• The rats are not harmed at all, as a matter of fact they live quite well. They are not stressed out. I think the “term” hunt is not even all that accurate for this sport. This is like nose work, where you would hide an item (in working dogs it’s explosives etc) and have the dog sniff and signal. No harm comes to the rats. The rats are owned by long time rat enthusiasts that protect them and oversee every single second of the “hunt”. 100s of rats are rescued from craigslist, rat food and labs to have this wonderful life. It’s actually a win for rats.

  5. I do not have a pet rat nor do I know anyone who does. However, fear is fear and suffering is suffering and some things don’t need to happen. I just read the comment re the rats are being done a favor. So, in order to be rescued they must be subjected to terror. I can just imagine what the rats endure. It would be no different than taking a puppy, kitten, cat or small dog, putting them in a tube and turning out coyotes, foxes, raccoons or tigers to hunt them. It wouldn’t be allowed. Just because they are rats doesn’t mean they don’t experience fear. Being a small helpless creature and hearing the sound of being hunted along with those big fangs coming at them is terrifying. This is so sad and defeating to the efforts of those who are trying to help animals. A new atrocity and right here in the United States where we are supposed to smarter, kinder and willing to defend the helpless. I am sorry there are humans so desperate for entertainment that they resort to this. So many good deeds could be done in the world, helping animals not hurting them. Very very sad. Since the rats cannot tell us if they fear being hunted over and over again, if we are to err please let us err on the side of humane behavior.

  6. Jeff Smith says:

    The rats are fine. Domesticated rats basically have their adrenal gland bred out of them. I have a bunch of rats that I use for barn hunt and Earthdog. I sometimes hold one of my dogs up to the cage of rats and encourage him to bark and snap at the rats. Yea, at first they scattered – like when I open the cage to give them food – but now, they just stand there and sniff his breath. Their reaction is similar to when I first got them and put them into their cage.

    Now using wild rats – that’s a different story. Those things would completely freak and probably have a heart attack.

    • Marlene miller says:

      It is very cruel and I promise you these rats know what is happening and it’s NOT fun for them. Put yourself in their place. Say we put you in a tube and we will set a bunch of tigers to hunt you. Sound fun?

    • Marlene miller says:

      Oh dear god. Did you really say their adrenal glands are bred out of them? Are you 10? Cause if u are I forgive you. If you are an adult please don’t breed. Rats have adrenal glands. All rats. Rumors of the adrenal are common in rats

  7. I also do barn hunt. I have had pet rats in the past and I agree with you all 100% that they are smart, kind, loyal and loving. This is why I do not buy an cosmetics or household items that test on animals. I also do not eat red meat at all because of the cruelty involved in factory farming. So I absolutely agree with you that rats deserve respect and love. They get that as participants in this sport. They enjoy going in the tubes and having a job. They live in large cages with their family and friends and always have all the toys, food, water and love they need. They are treated with the utmost about of respect. I actually do not consider this hunting at all, I consider it nose work. My dog works the room, hits on the scent a very subtly indicates that a tube with a rat has been found. He does this by making a little cry and if I am lucky he nudges the tube and then looks at me. The rats are not harmed. As a matter of a fact they enjoy having a job. In exchange they live very good lives with their rat friends. And finally, many of the participants support the local rat rescue. Some may argue that we are a welfare group for these rats since many would have been bought by labs or fed to reptiles. One last thing, I had a pet rat named McKenzie that was free range in my room. She would go into her cage to poop or take a nap but generally she was a free roaming house pet. She used to steal my mail and money if I left it out and hide it under the bed. She was adorable. I also had a pet rat named Alice who died of cancer and broke my heart. She had regular trips to vet and we added a year onto her life by removing the first tumor and changing her diet. Alice was a genius. I wold never harm an animal as I prefer animals over humans. I appreciate your concern but I promise you, no rats are harmed. They have great lives filled with joy and most importantly, communal living.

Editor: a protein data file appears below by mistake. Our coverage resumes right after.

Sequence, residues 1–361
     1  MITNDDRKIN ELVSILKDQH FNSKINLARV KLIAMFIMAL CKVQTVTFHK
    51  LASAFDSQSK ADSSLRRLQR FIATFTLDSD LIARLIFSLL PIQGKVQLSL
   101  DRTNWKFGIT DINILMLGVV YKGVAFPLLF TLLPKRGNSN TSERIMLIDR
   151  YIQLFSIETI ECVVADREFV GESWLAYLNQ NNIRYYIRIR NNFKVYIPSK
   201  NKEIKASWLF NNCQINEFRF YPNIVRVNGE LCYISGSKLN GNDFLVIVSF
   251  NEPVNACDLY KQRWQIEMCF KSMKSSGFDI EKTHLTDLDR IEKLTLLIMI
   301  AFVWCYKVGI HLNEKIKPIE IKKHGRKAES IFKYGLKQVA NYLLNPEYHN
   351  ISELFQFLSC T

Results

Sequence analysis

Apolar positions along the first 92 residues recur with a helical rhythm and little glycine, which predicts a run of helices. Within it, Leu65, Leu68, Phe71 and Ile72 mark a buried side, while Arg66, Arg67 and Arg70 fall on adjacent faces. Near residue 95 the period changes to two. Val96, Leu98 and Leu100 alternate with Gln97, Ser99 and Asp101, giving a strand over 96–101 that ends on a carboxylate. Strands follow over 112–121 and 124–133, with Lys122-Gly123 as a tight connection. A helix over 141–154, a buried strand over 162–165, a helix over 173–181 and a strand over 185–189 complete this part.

8. Because of Barn Hunt i now have pet rats that I love dearly. Before I always thought they were ugly, disease ridden creatures that should be disposed of. The education of Barn Hunt has opened my eyes to the beauty of these creatures. My ratty girls enjoy living indoors, fresh fruits and veggies, i even cook for them and rarely do that for myself. I cant imagine not having rats now and struggle not bringing them all home from the stores that sell them for feeders. We recently tried to retire two older boy rats and they wont stay out of the travel carriers. I have offered my rats the choice of staying in a tube or going to their travel carrier and they stay in the tube. I have to insist they take breaks. Anyone caught not providing their rats the highest care are quickly removed and banned.

    • This is so sweet. This is what the barn hunt is all about. And your right, if ANYBODY even thinks they can mistreat any animal not only will they banned, I’ll meet them in the parking lot. It simply doesn’t happen. We love out rats.

  9. i own 6 rats who are part of the family. They live with 4 dogs and are not at all fearful of them. One will actually try and grab them if they get close.

    We participate in Barn Hunt and the rats could careless. They are treated with the greatest of care whether they are participating in Barn Hunt or in my home. They are trained to enter the tubes and when they are done many have gone to sleep in the tube.

    There are rules for rat care that must be adhered to and everyone complies.